Countywide per-capita water use is down modestly from the late 1980s, when nonfarm consumption hit nearly 200 gallons per person per day. It has been about 180 gallons for the past decade, according to the San Diego County Water Authority.
Local areas with the lowest per-capita figures are the Lakeside Water District (110 gallons per day in 2006) and the Sweetwater Authority (120 gallons).
The region’s largest water agency, San Diego city, came in at 157 gallons, slightly less than the statewide average.
Mark Rogers, general manager of the Sweetwater Authority, attributed his district’s frugal water use to small lots and a conservation ethic that took hold during the last major water shortage in the early 1990s.
“After that drought, for whatever reason, the people in this area decided they were not going to use a whole lot more water,” he said.
Residents can reduce water use without having to transform their lifestyles, analysts said. Vickers, the consultant, said the most efficient toilets, clothes washers and other conservation devices can help a person use just 50 gallons per day for indoor water needs.
She and other experts said most water waste occurs outdoors from sources such as broken irrigation pipes, poorly programmed watering timers, inefficient sprinklers and thirsty exotic plants.
Dion said one tip is to place water-intensive plants close to the house and select drought-tolerant varieties for less-visible spots. He is trying to educate landscapers – in English and Spanish – because they set the irrigation programs for many commercial and large residential parcels.
The Santa Fe Irrigation District’s leaders said they’re also making a stronger push for conservation.
Irvin, the agency’s director, said consumption should drop this year because of rising water rates and expanded efforts to promote thrift. The district is launching a “water ambassador” program to encourage residents to spread the word about conservation through meetings and community events.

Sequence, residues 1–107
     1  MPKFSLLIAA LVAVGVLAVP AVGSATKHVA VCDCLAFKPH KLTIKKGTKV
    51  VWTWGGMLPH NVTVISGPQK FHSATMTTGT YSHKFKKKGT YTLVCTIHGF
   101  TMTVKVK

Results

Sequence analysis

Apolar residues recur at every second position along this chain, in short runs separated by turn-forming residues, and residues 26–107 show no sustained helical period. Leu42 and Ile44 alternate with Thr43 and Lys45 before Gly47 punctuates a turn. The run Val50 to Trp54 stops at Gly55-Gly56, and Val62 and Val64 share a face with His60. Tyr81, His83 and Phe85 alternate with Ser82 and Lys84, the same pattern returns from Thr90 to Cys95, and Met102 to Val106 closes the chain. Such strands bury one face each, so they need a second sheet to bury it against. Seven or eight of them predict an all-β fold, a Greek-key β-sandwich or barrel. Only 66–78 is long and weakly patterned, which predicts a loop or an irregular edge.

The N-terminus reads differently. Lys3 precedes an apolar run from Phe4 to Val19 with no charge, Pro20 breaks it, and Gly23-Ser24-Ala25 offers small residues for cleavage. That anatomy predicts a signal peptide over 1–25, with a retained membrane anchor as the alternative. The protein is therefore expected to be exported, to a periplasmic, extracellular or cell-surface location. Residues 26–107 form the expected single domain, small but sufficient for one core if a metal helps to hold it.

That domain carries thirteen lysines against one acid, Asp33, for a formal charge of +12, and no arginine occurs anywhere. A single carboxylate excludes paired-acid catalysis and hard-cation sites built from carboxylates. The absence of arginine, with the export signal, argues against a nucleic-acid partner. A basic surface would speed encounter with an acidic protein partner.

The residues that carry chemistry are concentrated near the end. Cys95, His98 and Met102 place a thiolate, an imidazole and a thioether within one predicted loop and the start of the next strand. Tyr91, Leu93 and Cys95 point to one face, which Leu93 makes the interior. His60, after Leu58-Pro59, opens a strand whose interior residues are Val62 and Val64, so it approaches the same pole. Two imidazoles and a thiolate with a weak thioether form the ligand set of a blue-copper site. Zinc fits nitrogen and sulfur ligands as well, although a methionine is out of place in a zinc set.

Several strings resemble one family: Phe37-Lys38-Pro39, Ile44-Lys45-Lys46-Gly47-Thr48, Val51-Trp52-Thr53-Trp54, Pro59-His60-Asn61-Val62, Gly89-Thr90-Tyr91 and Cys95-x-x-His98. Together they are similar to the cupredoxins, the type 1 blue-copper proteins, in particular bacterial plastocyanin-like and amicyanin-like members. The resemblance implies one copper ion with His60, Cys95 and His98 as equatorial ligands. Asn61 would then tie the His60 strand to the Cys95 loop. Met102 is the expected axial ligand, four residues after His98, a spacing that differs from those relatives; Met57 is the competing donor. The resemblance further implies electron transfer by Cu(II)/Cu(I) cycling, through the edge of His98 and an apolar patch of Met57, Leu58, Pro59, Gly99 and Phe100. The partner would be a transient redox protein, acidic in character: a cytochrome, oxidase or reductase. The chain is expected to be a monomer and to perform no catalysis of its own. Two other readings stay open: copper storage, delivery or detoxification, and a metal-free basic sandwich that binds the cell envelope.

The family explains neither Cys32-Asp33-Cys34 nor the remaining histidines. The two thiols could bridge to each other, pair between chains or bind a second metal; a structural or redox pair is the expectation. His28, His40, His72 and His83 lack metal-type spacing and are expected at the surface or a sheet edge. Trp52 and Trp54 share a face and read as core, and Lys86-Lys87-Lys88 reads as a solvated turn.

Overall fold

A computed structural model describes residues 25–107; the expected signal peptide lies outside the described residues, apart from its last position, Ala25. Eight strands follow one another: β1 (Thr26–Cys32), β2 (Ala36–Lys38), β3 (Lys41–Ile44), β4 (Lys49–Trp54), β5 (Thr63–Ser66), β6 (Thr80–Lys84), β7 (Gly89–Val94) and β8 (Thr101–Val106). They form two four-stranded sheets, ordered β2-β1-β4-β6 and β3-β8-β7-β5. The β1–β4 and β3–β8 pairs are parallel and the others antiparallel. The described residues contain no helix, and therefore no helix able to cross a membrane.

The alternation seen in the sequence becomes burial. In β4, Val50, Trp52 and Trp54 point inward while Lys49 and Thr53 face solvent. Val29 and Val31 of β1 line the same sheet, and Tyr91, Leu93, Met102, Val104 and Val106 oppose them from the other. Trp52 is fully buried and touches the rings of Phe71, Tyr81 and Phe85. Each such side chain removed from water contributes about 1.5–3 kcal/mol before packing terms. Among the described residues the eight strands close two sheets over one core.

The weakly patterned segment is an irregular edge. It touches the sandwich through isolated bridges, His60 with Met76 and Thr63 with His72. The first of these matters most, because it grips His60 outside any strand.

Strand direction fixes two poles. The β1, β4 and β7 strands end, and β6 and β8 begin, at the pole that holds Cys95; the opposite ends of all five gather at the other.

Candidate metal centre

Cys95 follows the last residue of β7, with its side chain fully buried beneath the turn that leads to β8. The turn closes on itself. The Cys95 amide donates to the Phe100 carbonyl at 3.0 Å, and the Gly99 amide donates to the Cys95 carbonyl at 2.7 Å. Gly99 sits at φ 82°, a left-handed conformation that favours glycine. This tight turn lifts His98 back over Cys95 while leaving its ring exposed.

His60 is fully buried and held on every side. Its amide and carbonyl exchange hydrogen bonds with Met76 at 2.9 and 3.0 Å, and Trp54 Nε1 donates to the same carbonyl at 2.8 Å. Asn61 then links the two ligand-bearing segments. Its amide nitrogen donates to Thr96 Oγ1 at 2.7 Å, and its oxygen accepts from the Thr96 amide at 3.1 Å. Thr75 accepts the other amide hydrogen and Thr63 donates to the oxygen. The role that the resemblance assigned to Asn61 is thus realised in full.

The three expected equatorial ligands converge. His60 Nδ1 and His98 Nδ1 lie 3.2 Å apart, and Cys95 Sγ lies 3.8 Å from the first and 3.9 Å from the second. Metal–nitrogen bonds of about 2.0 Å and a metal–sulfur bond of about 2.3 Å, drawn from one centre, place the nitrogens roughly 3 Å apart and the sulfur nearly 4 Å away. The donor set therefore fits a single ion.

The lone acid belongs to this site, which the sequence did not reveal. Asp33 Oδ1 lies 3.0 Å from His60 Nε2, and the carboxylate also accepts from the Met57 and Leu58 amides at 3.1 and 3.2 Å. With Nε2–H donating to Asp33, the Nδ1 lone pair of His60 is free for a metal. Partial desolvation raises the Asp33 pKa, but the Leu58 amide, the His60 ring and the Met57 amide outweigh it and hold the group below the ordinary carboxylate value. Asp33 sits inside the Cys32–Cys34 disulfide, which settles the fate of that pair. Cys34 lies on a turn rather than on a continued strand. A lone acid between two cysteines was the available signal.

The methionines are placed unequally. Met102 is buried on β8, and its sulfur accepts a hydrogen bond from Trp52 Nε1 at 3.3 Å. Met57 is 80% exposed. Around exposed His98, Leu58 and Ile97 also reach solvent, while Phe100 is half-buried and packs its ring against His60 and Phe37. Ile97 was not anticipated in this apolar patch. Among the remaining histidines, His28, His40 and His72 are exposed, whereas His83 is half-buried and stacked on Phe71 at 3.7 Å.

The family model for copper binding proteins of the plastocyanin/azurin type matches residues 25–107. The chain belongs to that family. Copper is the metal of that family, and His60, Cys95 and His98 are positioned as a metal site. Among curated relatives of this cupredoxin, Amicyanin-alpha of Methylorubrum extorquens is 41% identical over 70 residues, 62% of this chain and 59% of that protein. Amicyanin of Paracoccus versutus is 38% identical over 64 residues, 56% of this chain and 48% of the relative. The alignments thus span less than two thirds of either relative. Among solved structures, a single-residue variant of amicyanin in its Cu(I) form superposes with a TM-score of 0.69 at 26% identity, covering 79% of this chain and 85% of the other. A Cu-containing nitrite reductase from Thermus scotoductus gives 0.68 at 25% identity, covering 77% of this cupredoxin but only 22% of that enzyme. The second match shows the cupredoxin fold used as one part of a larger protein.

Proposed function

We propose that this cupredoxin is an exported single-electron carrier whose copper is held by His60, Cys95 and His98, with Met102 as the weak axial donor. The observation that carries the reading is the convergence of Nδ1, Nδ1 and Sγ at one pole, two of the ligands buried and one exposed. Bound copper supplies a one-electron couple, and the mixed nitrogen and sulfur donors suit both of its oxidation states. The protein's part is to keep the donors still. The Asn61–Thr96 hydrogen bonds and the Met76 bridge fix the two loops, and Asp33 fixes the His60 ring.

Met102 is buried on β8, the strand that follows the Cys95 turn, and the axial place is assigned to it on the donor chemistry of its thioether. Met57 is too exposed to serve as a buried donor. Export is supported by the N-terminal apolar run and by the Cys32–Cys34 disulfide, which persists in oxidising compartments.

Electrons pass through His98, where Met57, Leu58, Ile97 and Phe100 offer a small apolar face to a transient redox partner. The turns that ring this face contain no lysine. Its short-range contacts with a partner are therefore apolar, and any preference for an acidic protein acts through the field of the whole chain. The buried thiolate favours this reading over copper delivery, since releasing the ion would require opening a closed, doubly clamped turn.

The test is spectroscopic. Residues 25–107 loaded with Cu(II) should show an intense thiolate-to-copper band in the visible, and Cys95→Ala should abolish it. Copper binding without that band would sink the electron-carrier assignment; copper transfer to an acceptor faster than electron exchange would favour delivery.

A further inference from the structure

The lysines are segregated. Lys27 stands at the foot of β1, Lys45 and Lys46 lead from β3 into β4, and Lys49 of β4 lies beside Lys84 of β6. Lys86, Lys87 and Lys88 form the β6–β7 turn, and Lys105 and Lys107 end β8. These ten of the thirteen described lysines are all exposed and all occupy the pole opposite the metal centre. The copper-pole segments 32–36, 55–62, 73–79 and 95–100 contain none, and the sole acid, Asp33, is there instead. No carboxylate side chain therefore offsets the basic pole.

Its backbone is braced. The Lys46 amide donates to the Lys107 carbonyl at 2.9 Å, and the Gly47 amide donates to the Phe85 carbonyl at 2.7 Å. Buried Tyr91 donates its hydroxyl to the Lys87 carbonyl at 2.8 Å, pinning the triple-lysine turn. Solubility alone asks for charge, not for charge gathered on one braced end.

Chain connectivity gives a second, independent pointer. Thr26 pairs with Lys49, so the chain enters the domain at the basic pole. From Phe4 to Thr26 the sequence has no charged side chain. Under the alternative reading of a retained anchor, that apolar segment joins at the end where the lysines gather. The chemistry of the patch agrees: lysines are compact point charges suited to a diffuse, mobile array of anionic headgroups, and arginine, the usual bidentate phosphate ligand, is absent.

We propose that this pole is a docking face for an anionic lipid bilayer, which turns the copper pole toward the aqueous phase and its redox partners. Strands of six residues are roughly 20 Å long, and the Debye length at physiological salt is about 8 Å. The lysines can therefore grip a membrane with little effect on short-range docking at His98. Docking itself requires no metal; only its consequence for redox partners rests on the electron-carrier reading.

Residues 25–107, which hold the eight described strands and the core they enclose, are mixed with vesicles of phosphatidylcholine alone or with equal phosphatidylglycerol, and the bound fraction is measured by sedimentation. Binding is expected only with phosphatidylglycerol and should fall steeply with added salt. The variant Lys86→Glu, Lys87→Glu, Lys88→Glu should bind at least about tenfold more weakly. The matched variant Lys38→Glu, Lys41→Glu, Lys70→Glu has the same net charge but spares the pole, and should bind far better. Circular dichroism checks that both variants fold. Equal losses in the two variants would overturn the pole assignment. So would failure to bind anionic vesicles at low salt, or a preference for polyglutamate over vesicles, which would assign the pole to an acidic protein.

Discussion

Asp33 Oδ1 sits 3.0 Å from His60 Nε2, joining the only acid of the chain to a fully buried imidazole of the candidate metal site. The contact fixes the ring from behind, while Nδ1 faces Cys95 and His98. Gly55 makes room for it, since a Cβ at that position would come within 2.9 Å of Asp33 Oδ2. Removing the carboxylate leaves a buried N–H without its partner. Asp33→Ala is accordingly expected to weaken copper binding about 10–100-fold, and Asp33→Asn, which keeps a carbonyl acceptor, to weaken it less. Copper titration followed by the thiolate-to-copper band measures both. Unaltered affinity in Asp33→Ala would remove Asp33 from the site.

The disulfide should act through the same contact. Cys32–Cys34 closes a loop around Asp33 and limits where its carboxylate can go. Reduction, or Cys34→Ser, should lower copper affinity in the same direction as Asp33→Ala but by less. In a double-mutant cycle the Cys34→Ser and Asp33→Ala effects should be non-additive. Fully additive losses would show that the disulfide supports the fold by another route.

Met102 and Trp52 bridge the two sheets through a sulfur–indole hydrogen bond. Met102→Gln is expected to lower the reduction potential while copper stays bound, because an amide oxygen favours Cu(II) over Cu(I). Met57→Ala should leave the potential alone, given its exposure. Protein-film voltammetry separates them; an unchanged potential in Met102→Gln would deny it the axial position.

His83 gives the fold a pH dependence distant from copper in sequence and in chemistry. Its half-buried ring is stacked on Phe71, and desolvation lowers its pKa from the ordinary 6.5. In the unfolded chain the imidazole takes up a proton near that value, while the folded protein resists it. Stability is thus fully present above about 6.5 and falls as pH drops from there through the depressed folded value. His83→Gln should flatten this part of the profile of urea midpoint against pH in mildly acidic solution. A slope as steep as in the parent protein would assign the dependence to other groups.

It also has been offering rebates for water-saving devices and efficiency audits – but with limited success. “We haven’t seen the interest that we really would like to see,” said Michael Bardin, the district’s general manager. “We need to ramp it up.”
Rancho Santa Fe resident John Grotting took the conservation message to heart when he upgraded his landscaping last year. His hillside property, which spans about an acre, has about 400 sprinklers.
Instead of adding plants and trimming trees, Grotting outfitted his irrigation system with some of the most technologically advanced sprinklers and control devices that operate only in certain weather conditions.
“Relative to others in San Diego, there is no question that we are using a lot more of a precious resource to keep our yard watered,” he said. “My wife and I just want to make sure we do whatever we can to reduce the amount of water we use.”
In November and December, the first full months for which Grotting had data to compare, he said his water consumption dropped 52 percent from his November-December average from the previous four years.
The entire irrigation retrofit cost about $12,000 – 20 percent of it for upgrading to the high-tech irrigation devices. Grotting expects to recoup the cost of those devices in less than two years because of lower water bills.
“Most landscapers’ primary concern is, ‘How good does it look?’ ” said Josh Soto of San Diego, who helped redesign Grotting’s irrigation system. “As people start feeling the crush of higher and higher water bills, there will be another gauge by which our value to our customers is measured – how much money they are spending on water to have that beautiful yard.”